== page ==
Speaking of frustrating, in another effort to flip off critics of the first game, the only job side mission that carried over from the original title to the sequel intact was the scorpion catching game. The one no one liked because it was so terrible. The mini-game still is terrible. I guess it was included as a joke, but I’m not sure I understand how including the worst part of the first game in the sequel is supposed to be funny.
By the middle portion of the game I had already played the side job games enough that I had enough cash to cover everything I wanted to purchase, and I’d already played through the side jobs enough to the point that I’d beaten all their levels multiple times. From that point on, there was no need to play them anymore, so I could focus on going through the ranking matches. While doing so, I came to realize exactly why there had been a monetary requirement in the first game to proceed. By roaming around and doing these side jobs it put a buffer between one ranking mission and the next. By the time you finished doing the tedious side jobs you wanted to get back into the action. With no monetary requirement to keep you from doing the ranking missions in No More Heroes 2 back to back, the game becomes much more repetitive and the flaws of the combat stand out much more.
Another game sequel came out recently, Mass Effect 2, that stripped out certain game mechanics that weren’t fully realized in the first game. However, since that caused the game to focus much more on the combat, they made sure that this portion of the game was better developed than it was in the first game. No More Heroes 2 stripped out some of the things people complained about in a similar fashion, except the combat is just as bad or even worse than ever. No More Heroes 2 can’t be compared to brawling games or action titles as even the worst games in both of those genres hold more depth in their combat systems. Every minor enemy in the game can be beaten by just mashing the A button. The bosses are about the same, except with boss battles you dodge until they finish their attack animation and then mash the A button. Repeat ad nauseum.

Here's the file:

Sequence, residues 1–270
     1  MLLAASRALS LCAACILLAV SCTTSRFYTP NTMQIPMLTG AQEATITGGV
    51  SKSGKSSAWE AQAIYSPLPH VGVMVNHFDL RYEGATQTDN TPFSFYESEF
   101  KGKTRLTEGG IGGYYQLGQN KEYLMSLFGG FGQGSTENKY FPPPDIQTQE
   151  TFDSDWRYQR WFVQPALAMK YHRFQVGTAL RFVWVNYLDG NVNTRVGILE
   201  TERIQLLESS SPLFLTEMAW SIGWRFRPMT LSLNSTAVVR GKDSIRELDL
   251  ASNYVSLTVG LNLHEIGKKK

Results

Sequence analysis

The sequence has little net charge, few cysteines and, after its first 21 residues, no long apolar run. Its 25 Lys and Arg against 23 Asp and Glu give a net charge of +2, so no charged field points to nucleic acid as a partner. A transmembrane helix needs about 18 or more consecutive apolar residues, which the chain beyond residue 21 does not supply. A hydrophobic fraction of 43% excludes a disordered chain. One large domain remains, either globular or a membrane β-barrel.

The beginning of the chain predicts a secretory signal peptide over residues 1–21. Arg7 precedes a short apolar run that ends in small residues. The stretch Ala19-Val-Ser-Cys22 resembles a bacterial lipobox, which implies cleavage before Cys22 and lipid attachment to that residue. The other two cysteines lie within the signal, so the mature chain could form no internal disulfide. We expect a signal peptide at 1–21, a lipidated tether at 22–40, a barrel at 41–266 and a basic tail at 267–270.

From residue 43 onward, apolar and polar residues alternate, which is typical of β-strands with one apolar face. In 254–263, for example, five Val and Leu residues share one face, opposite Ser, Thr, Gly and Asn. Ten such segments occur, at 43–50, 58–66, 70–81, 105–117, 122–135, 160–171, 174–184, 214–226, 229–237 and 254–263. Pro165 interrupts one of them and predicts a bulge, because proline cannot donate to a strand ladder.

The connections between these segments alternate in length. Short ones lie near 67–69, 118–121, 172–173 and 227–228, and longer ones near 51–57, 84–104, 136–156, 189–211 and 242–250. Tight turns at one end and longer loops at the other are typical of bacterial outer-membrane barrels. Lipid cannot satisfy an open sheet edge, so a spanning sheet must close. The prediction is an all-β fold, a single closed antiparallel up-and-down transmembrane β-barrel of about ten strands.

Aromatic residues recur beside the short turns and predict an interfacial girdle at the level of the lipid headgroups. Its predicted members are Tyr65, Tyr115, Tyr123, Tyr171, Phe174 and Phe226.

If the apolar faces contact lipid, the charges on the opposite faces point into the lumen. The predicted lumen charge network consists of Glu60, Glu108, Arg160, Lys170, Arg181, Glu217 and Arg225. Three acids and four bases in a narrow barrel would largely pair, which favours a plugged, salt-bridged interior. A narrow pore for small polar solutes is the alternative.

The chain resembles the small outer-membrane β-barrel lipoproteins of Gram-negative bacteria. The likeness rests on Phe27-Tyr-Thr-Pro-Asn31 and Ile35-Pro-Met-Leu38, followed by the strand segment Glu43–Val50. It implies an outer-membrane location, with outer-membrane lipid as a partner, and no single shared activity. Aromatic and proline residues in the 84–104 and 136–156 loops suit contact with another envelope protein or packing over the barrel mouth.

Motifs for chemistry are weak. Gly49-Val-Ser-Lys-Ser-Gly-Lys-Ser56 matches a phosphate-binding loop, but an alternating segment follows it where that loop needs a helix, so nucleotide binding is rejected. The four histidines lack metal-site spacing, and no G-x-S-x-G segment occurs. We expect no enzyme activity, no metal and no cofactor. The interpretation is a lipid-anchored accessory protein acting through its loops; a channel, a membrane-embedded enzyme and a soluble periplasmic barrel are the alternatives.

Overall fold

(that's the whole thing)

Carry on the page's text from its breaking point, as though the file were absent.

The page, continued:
I am not kidding whatsoever when I say that the combat mechanics of the game Kung Fu Panda are much better than those of No More Heroes 2. Hell, the combat in Dynasty Warriors is superior.
There are other combat moves in the game than just mashing A over and over again. Travis can punch and kick with the B button until the enemy is dizzy, then using the same button Travis will grab an enemy and a motion direction will appear on the screen. Moving the nunchuck and remote in the directions indicated results in Travis pulling off a wrestling move. Mashing the A button until an enemy is weak also ends a similar way, except the motion will only require the remote as you cut the enemy in half, which is referred to as a Death Blow. The game isn’t really particular about whether you follow the on screen movements or not. You can swing your arms in the air like you just don’t care when the screen pops up and that’ll work just as well.
The Z button is used for locking onto a target and to block, and dodging is mapped to the D-pad. While the game doesn’t ever really cover this move in the game, the Dark Stepping move is back. While locked onto an enemy and holding still, once they attack if you move the joystick left or right just as they attack Travis will slide around them. In the first game this move was extremely powerful and most of the enemies and bosses were a piece of cake with it. In No More Heroes 2 the power of the move has been scaled back so that time simply slows down and gives the player an advantage of getting a few quick shots in. The Lakinov abilities, as mentioned, are gone, as are some of the wrestling moves. Both the wrestling moves and Death Blows are just finishing animations, and as there isn’t a large variety of either, it gets pretty boring to watch the same animations over and over again.